Showing posts with label old and in the way. Show all posts
Showing posts with label old and in the way. Show all posts

Wednesday, October 4, 2017

Nihilistic old white guys who commit murder: We will see more Stephen Paddocks

Old and in the way, that's what I heard them say
They used to heed the words he said, but that was yesterday
Gold will turn to gray and youth will fade away
They'll never care about you, call you old and in the way.

Old and In the Way
lyrics by David Grisman
Sung by the Grateful Dead

Americans are accustomed to serial killers. According to the New York Times, mass shootings have occurred in the United States at the rate of more than one a day over the last 477 days.

We can sort these killers into discrete categories. Some are religious extremists--the Boston Marathon bombers, the Orlando shooter, the San Bernardino murderers. Some are disaffected young men: the killers at Columbine, Sandy Hook, and the Charleston, SC church.

And there is at least one more category: disaffected, older white men. Stephen Paddock,an affluent  64-year-old man, who killed or wounded more than 500 people in Las Vegas a few days ago, is the latest old white guy to commit (or at least attempt to commit) mass murder. Before Paddock, there was James Hodgkinson, a 66-year-old geezer from Illinois who shot a group of Republican congressmen while they were practicing for a charity baseball game. And don't forget John Russell Houser.  Houser, a 59-year-old loner, opened fire in a movie theater in Lafayette, Louisiana, killing two people and injuring nine others before shooting himself.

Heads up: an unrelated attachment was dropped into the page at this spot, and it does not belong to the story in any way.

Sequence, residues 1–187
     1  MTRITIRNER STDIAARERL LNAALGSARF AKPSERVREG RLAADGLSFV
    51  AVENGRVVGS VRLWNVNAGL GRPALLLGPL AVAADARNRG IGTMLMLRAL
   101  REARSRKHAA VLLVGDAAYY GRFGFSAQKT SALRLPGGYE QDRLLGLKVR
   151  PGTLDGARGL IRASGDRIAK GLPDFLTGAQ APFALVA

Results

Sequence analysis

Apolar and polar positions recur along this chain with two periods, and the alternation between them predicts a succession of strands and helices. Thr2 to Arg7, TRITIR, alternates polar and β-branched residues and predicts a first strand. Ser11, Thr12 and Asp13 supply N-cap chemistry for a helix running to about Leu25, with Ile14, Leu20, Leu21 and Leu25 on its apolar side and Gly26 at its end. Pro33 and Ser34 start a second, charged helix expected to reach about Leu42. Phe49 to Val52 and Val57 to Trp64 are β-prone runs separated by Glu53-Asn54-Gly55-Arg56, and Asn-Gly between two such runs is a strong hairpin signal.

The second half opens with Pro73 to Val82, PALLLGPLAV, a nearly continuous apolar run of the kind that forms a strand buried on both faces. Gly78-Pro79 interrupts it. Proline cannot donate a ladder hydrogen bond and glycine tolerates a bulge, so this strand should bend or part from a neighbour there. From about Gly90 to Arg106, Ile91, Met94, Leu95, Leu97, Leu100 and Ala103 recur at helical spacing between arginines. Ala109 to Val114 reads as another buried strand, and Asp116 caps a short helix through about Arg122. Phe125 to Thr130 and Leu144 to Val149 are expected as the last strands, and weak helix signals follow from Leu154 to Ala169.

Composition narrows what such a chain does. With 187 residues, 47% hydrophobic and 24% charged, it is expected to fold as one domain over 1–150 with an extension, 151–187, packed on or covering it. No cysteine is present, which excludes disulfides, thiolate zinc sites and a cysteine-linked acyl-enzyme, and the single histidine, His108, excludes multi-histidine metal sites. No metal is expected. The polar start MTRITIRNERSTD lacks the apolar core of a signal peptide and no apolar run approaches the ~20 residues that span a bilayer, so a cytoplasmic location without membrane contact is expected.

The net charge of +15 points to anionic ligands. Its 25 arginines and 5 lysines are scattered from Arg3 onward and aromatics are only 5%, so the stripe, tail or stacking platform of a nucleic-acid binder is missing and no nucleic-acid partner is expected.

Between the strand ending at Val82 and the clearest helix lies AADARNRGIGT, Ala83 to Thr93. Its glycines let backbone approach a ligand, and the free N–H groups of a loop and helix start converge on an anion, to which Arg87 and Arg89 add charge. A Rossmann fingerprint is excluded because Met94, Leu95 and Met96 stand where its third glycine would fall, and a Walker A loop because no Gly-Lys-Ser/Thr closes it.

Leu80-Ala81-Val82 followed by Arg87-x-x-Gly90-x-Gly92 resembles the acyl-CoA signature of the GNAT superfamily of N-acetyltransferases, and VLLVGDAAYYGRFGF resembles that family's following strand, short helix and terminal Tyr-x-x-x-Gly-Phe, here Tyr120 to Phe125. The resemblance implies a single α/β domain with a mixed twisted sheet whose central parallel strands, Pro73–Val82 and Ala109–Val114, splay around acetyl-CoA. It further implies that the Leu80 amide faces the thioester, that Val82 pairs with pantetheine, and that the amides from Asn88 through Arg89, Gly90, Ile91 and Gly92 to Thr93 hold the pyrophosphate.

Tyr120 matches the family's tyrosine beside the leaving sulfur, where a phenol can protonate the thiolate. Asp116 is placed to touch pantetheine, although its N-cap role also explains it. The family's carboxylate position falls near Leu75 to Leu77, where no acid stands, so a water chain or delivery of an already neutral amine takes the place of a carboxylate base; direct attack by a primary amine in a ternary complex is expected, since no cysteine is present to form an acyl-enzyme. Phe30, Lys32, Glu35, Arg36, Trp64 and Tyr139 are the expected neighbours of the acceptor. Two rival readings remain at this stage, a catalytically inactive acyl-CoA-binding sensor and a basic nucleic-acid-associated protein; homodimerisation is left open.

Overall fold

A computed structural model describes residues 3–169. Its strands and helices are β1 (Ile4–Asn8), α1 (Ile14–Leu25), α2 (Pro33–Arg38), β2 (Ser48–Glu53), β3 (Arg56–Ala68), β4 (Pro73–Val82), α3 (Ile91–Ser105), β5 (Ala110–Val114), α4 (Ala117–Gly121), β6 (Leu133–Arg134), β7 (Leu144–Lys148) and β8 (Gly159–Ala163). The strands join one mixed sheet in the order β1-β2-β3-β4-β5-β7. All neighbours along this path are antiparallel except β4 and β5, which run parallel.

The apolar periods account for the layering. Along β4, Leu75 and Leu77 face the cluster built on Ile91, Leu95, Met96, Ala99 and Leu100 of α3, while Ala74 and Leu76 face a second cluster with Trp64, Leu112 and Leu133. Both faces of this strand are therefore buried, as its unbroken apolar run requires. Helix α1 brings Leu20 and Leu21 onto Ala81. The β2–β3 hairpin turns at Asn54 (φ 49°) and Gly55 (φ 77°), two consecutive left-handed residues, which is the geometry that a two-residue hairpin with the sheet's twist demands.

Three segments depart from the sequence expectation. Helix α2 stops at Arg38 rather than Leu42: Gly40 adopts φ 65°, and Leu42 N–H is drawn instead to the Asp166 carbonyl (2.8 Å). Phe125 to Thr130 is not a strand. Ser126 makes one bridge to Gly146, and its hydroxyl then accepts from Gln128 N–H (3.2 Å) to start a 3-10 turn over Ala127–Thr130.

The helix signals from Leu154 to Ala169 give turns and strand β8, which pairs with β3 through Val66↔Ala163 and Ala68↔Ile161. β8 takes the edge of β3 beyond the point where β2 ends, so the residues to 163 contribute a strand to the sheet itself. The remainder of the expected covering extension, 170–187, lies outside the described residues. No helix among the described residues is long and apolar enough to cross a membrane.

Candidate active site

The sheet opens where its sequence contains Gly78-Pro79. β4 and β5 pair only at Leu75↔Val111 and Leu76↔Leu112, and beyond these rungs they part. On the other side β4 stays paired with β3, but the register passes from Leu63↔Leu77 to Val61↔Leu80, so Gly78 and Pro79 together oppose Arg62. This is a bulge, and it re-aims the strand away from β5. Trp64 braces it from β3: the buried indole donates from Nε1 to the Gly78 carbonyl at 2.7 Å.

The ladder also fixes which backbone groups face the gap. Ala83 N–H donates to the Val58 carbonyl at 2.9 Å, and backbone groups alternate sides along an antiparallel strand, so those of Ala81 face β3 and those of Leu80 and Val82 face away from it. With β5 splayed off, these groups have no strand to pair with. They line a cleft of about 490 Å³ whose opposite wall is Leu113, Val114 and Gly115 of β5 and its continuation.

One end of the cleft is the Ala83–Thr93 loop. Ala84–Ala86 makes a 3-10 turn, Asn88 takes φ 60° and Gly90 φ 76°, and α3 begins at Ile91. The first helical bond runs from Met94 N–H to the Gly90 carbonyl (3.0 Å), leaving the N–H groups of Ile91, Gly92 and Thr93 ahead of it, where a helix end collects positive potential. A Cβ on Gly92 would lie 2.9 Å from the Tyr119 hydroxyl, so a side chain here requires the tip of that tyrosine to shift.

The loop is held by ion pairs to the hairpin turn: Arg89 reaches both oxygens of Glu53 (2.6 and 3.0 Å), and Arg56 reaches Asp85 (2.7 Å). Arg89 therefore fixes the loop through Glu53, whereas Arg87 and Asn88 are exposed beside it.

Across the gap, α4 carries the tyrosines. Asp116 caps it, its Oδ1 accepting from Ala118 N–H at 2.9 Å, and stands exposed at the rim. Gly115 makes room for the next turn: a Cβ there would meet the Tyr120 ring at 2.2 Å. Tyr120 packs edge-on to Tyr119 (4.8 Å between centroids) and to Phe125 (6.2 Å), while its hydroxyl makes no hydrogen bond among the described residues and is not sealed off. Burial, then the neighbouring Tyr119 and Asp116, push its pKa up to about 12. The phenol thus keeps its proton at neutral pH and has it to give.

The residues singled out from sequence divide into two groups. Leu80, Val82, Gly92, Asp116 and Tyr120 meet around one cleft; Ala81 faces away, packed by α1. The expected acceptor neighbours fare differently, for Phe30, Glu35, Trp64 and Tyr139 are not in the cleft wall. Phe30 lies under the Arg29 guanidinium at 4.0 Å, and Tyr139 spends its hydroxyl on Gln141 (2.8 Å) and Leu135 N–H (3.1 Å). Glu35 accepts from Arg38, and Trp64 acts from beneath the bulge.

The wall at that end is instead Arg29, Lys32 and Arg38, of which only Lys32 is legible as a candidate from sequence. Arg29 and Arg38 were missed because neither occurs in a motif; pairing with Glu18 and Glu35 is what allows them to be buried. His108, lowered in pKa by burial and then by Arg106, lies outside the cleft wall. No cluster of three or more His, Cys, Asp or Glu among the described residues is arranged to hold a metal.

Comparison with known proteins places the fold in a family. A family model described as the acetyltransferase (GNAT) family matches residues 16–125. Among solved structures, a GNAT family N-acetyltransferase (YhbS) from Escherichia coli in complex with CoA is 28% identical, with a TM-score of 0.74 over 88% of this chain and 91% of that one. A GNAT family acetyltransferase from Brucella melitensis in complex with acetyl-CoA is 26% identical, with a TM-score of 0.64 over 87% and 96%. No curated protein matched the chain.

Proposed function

What did these men have in common? All were older white men, all attacked complete strangers, and all committed suicide (or allowed themselves to be killed by the police). And I think it is fair to say that these three men had lost all sense of purpose as they entered old age.